Sunday, August 29, 2010

S906 prototype progress

Hello Mr. Tree. Nice to meet you... Have you met Mr. Bandsaw? This is a nice piece of flamed spalted Oregon big leaf maple that I got reasonable. If I saw it right I get 2 tops. So lets saw it right. The main trick is to setup the bandsaw right. I almost had it but the blade cupped a little and I lost 1/16" of the set. Still ended with 2 sets but one is only a 1/4" drop top instead of a 3/8" top I was shooting for. Oh well I will buy a better bandsaw one day until then the dumpster 14" will have to do. Oh yes the 14" Central Machines was saved from a dumpster... I ordered a new deck brace, riser, crank tensioner and it has done great things since being abandoned as scrap.

And this is what we ended up with. This is really only 2 sets I was just testing for the best configuration.

While the sapele body is waiting for its spalted top. I broke out the hand plane for this set because of the spongy spalt. I was afraid the jointer would destroy the soft stuff. Plus I recently read that Rick Toone has been using his hand planes for joints and has been enjoying the increased precision. Then I stick the top in the pipe clamps with a large aluminum plate to keep everything flat.

Top glued up and the set. I wanted to get a look at all the pieces together before moving on.

Top glued on.

You are a six string now... deal with it.

And a little later the headstock is shaped.

Shaped out the headstock. Originally there was no plan for a headstock plate but I think I might try one...

Always have to get a peak at the set.

Headstock plate picked out.

I guess the template fit. I am in the process of getting some laser templates cut but for now I have to do it the old fashion way.

Neck pocket routed. I really wanted to get the neck humbucker routed and set the neck but I started getting tired and that is when mistakes happen.

A few pictures of the top wet and the back. The back is very red.

Still have a lot to do but I like to finish the day with something in clamps... this is the headstock plate.

Monday, August 23, 2010

Still 7

Neck blank... neck blank profiled. It was wide enough to build an 8 string out of. Probably should have converted it but I planned on (meaning parts are ordered) a 7 so it stays a 7.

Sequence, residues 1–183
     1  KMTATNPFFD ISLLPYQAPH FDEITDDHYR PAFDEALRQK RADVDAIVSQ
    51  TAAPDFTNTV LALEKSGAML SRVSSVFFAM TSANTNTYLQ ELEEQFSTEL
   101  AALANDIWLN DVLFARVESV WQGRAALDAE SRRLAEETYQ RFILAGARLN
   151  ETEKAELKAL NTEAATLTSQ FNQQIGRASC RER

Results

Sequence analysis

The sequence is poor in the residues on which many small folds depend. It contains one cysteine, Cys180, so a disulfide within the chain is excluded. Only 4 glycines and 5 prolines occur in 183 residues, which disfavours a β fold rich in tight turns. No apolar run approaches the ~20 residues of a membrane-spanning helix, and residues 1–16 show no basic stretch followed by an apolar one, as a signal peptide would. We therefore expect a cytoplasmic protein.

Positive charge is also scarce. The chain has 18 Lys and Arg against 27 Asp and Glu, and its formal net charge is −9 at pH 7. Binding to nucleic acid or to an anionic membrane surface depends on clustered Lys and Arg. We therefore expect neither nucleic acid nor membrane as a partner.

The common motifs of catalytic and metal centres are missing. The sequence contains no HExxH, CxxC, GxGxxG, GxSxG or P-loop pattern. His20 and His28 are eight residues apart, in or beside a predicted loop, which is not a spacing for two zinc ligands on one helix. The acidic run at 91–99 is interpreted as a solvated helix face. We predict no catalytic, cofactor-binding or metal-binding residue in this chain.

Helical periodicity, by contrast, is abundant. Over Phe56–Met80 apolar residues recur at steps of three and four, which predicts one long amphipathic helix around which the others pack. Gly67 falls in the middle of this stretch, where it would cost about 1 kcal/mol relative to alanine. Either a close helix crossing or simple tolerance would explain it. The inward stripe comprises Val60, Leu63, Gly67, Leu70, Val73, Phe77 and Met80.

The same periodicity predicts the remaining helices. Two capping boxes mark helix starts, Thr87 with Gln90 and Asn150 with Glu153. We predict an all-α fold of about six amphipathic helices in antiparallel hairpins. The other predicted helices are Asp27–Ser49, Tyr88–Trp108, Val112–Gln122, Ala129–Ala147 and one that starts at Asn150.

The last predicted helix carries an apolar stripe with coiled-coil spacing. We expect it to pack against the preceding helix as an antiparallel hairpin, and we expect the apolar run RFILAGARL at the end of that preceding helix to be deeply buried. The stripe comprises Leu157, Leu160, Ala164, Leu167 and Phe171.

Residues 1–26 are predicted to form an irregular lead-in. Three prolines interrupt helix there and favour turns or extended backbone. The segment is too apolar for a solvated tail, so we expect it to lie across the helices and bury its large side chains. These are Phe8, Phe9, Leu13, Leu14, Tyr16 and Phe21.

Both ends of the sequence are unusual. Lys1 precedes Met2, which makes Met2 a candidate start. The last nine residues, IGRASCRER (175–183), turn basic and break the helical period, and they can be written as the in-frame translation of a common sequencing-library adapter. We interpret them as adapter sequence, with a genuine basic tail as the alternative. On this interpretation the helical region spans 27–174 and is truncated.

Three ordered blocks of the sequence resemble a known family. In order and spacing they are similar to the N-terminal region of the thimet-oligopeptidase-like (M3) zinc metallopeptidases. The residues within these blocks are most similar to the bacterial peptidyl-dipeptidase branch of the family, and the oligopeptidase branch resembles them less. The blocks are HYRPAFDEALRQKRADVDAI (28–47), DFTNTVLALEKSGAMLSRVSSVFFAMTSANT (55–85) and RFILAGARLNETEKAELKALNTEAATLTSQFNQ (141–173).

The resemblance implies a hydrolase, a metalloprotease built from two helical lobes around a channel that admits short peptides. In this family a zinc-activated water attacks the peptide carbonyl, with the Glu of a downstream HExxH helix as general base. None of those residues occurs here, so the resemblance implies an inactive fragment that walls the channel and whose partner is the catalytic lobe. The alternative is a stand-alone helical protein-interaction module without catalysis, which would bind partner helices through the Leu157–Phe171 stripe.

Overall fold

Shot of the scarf. And repairing a crack in the ziricote. Ziricote is very brittle and prone to cracking. I am used to it though...remember the SG.

The neck monster doing its job. This saves me so much work when shaping out the necks. Also makes it much easier to maintain a consistant thickness all the way down the neck. I don't taper my necks much anymore as I like them to be thin all the way to the heal.

Fretboard repaired and ready for gluing. A shot of the lonely body awaiting the neck. And every clamp in the shop.

Fire in the hole

Disaster on blank #1. Jointer got me. I was close and didn't feel like hand sanding so I tried one last pass... and BAM! --- tear-out. All is not lost... I will end up using it for something. I think I will test laminated fretboards and practice my binding skills on it.

On blank #2 I noticed a slight (1/32) irregularity (a twist) in the face of the neck blank. Probably occured when I cut the piece from the back as the wood released a bit. Anyway I do not have a really nice belt sander (on the list) so I had to true up the blanks. Stuck 80 grit to the face of the router table and trued up by hand. Only took a second.

Going with this fretboard because it matches the stripes in the neck better.

Tried these...but just didn't like any of them for this neck. They look better on the padauk and sapele necks.

Miscelaneous templates and blanks.

Trussrods siliconed in.

What a mess.